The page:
Tag Archives: Pittsburg CA

Oil Train Victory in California’s East Bay – Wespac Application Withdrawn

PittsburgDC.org

Repost from the Contra Costa Times
[Editor:  A huge victory for our friends across the water!  Congratulations to the Pittsburg Defense Council and everyone who worked so hard to STOP WesPac.  See also: Reuters coverage.  – RS]

Pittsburg: Proposed WesPac oil-by-rail shipping terminal is dead

By Sam Richards, 12/09/2015 06:37:16 AM PST

PITTSBURG — Plans to convert a moribund PG&E tank farm into a regional oil storage facility appear dead after the company proposing the project backed out, according to a city report.

WesPac Midstream LLC’s proposed Pittsburg Terminal Project had been in development on and off for the past four years.

WesPac on Nov. 16 “submitted a formal request to withdraw their application completely and terminate all work on the project,” according to the city report released Tuesday afternoon. No explanation was given for the Houston-based company’s decision.

In a voice mail, City Manager Joe Sbranti said Tuesday, “They didn’t give us a reason; they just withdrew it.”

Art Diefenbach, WesPac’s Pittsburg project manager, could not be reached for comment Tuesday evening.

In April, WesPac eliminated a proposed element of its project, withdrawing plans for loading as many as five 104-car oil trainloads a week at the Pittsburg facility. Diefenbach said at the time that the “regulatory environment” surrounding rail shipments of crude oil made it impractical to launch such trains.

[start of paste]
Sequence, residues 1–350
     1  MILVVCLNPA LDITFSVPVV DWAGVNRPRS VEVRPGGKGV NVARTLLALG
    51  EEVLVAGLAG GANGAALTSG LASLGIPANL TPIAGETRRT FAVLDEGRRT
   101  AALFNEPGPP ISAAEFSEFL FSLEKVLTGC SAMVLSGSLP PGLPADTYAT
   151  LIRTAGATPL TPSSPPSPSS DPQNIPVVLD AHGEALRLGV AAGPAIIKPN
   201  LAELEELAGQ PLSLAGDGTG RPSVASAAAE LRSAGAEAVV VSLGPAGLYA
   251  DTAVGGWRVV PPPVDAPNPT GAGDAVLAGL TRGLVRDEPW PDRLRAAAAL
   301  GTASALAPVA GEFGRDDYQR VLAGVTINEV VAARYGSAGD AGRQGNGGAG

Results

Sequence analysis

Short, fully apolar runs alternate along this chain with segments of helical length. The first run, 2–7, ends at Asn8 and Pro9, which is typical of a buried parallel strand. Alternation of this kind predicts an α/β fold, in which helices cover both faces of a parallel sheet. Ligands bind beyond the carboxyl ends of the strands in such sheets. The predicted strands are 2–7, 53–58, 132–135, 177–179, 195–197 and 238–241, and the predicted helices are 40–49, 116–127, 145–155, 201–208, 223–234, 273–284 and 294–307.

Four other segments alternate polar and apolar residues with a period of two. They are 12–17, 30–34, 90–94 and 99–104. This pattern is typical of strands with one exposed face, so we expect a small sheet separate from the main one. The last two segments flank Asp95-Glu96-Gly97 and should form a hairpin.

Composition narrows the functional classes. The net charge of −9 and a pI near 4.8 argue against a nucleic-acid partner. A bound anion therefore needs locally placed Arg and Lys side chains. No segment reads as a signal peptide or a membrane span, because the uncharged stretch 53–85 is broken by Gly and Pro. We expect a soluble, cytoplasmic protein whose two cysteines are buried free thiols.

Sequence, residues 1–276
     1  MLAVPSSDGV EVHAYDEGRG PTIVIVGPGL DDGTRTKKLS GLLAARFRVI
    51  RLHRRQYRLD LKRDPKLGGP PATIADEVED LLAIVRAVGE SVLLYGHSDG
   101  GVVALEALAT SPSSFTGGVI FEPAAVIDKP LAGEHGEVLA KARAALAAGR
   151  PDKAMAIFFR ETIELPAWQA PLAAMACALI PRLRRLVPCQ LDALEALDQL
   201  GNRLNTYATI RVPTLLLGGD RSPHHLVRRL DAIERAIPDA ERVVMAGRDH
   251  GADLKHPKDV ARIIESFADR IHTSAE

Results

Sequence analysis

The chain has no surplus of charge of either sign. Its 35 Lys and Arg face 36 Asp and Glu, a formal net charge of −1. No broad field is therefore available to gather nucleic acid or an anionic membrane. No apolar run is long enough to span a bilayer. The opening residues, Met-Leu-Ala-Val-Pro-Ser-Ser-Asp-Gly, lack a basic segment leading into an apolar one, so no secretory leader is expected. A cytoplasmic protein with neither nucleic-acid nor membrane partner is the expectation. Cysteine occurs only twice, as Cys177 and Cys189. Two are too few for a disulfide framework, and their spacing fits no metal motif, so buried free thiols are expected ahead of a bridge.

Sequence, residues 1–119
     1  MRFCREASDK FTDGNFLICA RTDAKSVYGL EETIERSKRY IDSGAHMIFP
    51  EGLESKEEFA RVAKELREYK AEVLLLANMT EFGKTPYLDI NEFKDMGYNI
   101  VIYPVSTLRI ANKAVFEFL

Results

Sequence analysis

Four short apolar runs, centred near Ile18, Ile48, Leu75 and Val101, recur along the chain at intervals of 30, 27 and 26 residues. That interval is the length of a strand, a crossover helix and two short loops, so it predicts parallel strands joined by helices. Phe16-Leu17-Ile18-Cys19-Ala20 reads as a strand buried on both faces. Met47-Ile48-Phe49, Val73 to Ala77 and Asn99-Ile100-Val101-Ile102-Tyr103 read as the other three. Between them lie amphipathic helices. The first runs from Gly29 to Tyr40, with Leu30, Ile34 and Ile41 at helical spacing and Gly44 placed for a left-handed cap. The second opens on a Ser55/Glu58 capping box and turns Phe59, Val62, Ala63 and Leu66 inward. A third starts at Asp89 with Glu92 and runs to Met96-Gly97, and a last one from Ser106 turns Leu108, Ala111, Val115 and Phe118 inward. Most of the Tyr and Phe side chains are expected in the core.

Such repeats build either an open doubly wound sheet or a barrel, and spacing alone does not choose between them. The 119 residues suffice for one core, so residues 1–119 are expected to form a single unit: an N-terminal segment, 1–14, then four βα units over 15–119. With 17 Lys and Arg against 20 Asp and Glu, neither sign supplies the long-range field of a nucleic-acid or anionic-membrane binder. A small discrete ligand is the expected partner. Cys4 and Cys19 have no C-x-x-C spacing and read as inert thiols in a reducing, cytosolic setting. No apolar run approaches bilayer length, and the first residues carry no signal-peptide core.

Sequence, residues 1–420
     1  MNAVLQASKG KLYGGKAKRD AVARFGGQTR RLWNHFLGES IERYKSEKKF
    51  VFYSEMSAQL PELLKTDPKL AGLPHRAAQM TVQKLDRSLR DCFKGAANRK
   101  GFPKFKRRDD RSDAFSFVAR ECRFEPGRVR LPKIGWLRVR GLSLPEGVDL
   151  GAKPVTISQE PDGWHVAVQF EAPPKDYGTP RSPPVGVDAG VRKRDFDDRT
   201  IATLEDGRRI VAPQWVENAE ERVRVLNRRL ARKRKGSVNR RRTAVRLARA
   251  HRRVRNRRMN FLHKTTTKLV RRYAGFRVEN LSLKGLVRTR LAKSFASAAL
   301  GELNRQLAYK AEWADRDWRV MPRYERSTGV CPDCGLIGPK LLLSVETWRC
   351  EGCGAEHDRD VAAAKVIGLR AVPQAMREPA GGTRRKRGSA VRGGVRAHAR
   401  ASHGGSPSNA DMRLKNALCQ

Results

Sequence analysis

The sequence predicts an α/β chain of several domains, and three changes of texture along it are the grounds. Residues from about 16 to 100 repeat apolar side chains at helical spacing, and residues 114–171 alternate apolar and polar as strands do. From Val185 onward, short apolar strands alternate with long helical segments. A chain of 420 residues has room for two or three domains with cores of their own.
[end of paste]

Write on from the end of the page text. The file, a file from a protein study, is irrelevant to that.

The city report made no mention of oil prices, or whether they had an effect on WesPac’s decision. But at $37.51 a barrel Tuesday, prices are at their lowest since February 2009, down from almost $108 a barrel on June 14. The low oil prices have rocked the stock markets in recent days.

He also said then that protests against the crude oil trains, locally and nationally, factored in to the decision to abandon the rail proposal.

The old tanks are less than a half-mile from hundreds of houses and apartments on West 10th Street and in the downtown area between Eighth Street and the waterfront.